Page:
What is the value of students learning to write in your discipline?
Students may have reasonably good writing skills overall yet not be conversant with the writing conventions in your discipline. Good writing in one discipline is not necessarily good writing in another, just as effective writing for one task (e.g., a grant proposal) is not necessarily effective for another task (e.g., a journal article or article in the popular press) even within the same discipline.
Moreover, even though students may have read papers or books exemplifying the writing style of your discipline, this does not guarantee that they can reproduce it in their own writing. Research has shown this phenomenon holds fairly generally: it is easier to comprehend new information or a new style of presentation than it is to generate it.
Students may bring with them habits from other disciplines that are not appropriate in yours. For example, students familiar with expressive styles of writing (from English or creative writing) may bring these habits into scientific or engineering contexts where writing concisely is more appropriate.
According to Carnegie Mellon Emeritus Professor, Dr. Richard Young, there are three main arguments for inclusion of writing in the disciplines:
- The activity of writing appears to contribute in various ways to the ability to engage in original thought and to learn. Hence, it can play a significant role in teaching and learning a discipline.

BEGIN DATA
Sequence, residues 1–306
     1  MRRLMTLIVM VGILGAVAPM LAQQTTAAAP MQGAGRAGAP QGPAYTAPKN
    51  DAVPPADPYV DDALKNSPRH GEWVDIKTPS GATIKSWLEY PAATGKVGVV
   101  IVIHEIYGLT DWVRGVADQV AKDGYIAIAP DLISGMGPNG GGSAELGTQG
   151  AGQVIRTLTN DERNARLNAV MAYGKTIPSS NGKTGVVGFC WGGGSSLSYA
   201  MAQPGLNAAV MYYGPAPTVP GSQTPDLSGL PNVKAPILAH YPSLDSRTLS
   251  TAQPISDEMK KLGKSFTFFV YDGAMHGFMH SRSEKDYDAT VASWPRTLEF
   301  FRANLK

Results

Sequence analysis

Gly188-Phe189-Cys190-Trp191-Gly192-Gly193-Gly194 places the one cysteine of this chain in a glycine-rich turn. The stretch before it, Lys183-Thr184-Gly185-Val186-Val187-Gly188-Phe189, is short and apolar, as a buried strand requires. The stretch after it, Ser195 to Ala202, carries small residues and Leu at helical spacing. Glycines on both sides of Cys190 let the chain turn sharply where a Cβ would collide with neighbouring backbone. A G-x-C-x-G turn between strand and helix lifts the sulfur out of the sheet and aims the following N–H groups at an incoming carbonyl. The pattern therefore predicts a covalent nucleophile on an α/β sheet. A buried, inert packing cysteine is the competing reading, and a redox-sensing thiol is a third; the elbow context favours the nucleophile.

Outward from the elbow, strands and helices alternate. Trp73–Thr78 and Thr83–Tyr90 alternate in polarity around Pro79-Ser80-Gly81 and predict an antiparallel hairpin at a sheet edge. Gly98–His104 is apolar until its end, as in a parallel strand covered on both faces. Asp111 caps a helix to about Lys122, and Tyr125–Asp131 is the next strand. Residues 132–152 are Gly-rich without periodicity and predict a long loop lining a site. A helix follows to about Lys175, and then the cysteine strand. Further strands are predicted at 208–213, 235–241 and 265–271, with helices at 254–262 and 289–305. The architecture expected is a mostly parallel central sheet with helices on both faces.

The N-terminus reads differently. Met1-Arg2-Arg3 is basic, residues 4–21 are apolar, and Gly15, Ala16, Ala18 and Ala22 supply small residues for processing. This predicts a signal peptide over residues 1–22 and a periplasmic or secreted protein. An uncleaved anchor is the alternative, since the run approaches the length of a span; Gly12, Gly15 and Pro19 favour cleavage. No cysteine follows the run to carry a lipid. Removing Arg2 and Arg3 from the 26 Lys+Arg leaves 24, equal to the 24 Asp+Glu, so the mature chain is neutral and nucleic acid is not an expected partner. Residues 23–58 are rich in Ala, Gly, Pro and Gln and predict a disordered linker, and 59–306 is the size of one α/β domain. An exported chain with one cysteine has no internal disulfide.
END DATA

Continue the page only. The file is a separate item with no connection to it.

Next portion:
- A distinctive feature of disciplinary communities is that they are created, maintained, and changed by language, to a great extent by written language. Hence, students must learn to control the rhetorical practices of these disciplinary communities if they are to become active and effective members of them.
- Writing is an extremely complex psycho-linguistic ability. Hence, it must be practiced over time and in varied ways if one is to develop a sophisticated level of competence and if already achieved levels are to be maintained.
Strategies you can use as you begin to teach students writing in your discipline.
Identify and discuss key features of writing in your discipline.
For example, in an introductory anthropology class, you might point out that authors often identify a cultural assumption that they then challenge using cross-cultural evidence. Having identified this trope, you might ask students questions (in homework or in discussion) that require them to identify these characteristics in their readings (e.g., What assumption was the author challenging? What cross-cultural evidence did she employ to do it?).
Highlight different types of writing within your discipline.
It is helpful to point out variations in writing conventions within your discipline, and give students practice recognizing the features of different kinds of writing. For example, in a dramaturgy class, you might ask students to analyze the characteristics of an effective drama review versus a persuasive academic article. This kind of exercise makes students more conscious of different conventions within the same discipline, and better able to apply them in their own writing.